Medium texture and pores, generally speaking. Heartwood of Honduran Mahogany can vary quite a little bit from pale pinks to deep red browns. The color will deepen in time, usually. Honduran Mahogany is marketed by many as “Genuine” Mahogany to provide a distinction between this product and African variations on the mahogany product. Honduran Mahogany is widely plantationed, and is available worldwide. Honduran mahogany remains in high demand worldwide, though most of its production today is in the Asian tropics and Isles.
Mahogany has been used historically for many interior applications such as furniture, cabinetry, turned objects, musical instruments, boat building but Mahogany has gained recent popularity as an exterior wood for decking and siding.
Mahogany is available in decking dimensions such as 5/4×6 on a regular basis but the market can fluctuate with accessories.
Working with Mahogany
Mahogany is not a hardwood and is not nearly as dense or heavy as ipe and cumaru. It is relatively easy to work with and sand and is a very stable product.
Pre-drilling is not required prior to fastening with stainless steel screws. There are a few hidden fasteners on the market that are designed to work with grooved decking for a cleaner look. Also systems such as Kreg’s Jig fasten at an angle on the edge of the decking.
End Sealing Mahogany is highly recommended. Use products such as Ipe Seal or Anchor Seal (wax emulsion) to seal the end cuts of your Mahogany lumber. Be sure to keep the seal application limited to the end cut only as the wax emulsion will leave a darker stain on the surface of the deck board.
Air circulation and preventing moisture build up below the deck surface is an important aspect of preparation for your Genuine Mahogany deck design. Most manufacturers recommend at least 2′ of clearance from the bottom of the deck surface to grade (ground). While this is a safe practice, Mahogany decking can safely be installed with less clearance but one must take precaution. The atmospheric conditions and relative humidity in your climate need to be considered. Ask your local contractor experienced with Mahogany or your SLS sales person for advice on any installation.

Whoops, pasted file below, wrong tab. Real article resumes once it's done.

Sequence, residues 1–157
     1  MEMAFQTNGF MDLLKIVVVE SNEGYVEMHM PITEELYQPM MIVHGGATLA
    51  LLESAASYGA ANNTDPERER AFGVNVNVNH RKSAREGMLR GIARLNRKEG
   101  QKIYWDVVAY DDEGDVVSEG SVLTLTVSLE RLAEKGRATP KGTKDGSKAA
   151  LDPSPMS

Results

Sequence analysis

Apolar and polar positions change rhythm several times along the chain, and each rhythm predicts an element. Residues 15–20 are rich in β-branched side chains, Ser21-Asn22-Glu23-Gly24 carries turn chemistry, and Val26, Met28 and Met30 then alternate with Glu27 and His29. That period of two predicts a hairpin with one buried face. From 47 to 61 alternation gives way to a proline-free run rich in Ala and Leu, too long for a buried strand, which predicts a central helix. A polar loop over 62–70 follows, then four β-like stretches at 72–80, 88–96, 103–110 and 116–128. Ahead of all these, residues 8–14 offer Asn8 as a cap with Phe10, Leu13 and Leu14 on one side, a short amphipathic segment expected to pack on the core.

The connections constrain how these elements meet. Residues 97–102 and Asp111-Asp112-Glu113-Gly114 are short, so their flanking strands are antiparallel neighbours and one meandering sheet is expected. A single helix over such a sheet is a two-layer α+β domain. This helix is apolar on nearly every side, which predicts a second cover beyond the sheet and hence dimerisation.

Mahogany has a variation of color from a pinkish brown to deep brown to a reddish brown lumber and those colors can be maintained for years – with a little work of course. If left unfinished, Mahogany will naturally darken.
To maintain the natural brown tones, a product such as Ipe Oil will need to be applied every 12-18 months or so. Largely, the frequency of sealing will depend on the amount of sunlight and foot traffic the deck surface is exposed to. There are many products on the market to seal and protect your Mahogany deck from the damaging rays of the sun. At SLS, we feel the Ipe Oil is the best product on the market to do so. The water borne products tend to get more penetration into the dense surface thus holding the stain longer.
Alternatively, one can allow the Mahogany to simply oxidize and turn a darker brown. There is no further maintenance required if this is the way you want to go. Occasionally, one might wash the deck surface with a water hose or pressure washer to simply clean.
Should you happen to decide that you would like to bring back the light golden brown color after the Mahogany deck has turned a darker brown, this can be accomplished by using a quality deck brightener. The brown will be a darker than the original tone.
Common Name(s): Honduran Mahogany, Honduras Mahogany, American Mahogany, Genuine Mahogany, Big-Leaf Mahogany, Brazilian Mahogany
Scientific Name: Swietenia macrophylla
Distribution: From Southern Mexico to central South America; also commonly grown on plantations
Tree Size: 150 ft (45 m) tall, 6 ft (2 m) trunk diameter
Average Dried Weight: 41 lbs/ft3 (655 kg/m3)
Basic Specific Gravity: .54
Hardness: 900 lbf (4,000 N)
Rupture Strength: 11,660 lbf/in2 (80,390 kPa)
Elastic Strength: 1,386,000 lbf/in2 (9,560 MPa)
Crushing Strength: 6,550 lbf/in2 (45.2 MPa)
Shrinkage: Radial: 3.0%, Tangential: 4.1%, Volumetric: 7.8%, T/R Ratio: 1.4
From The Wood Database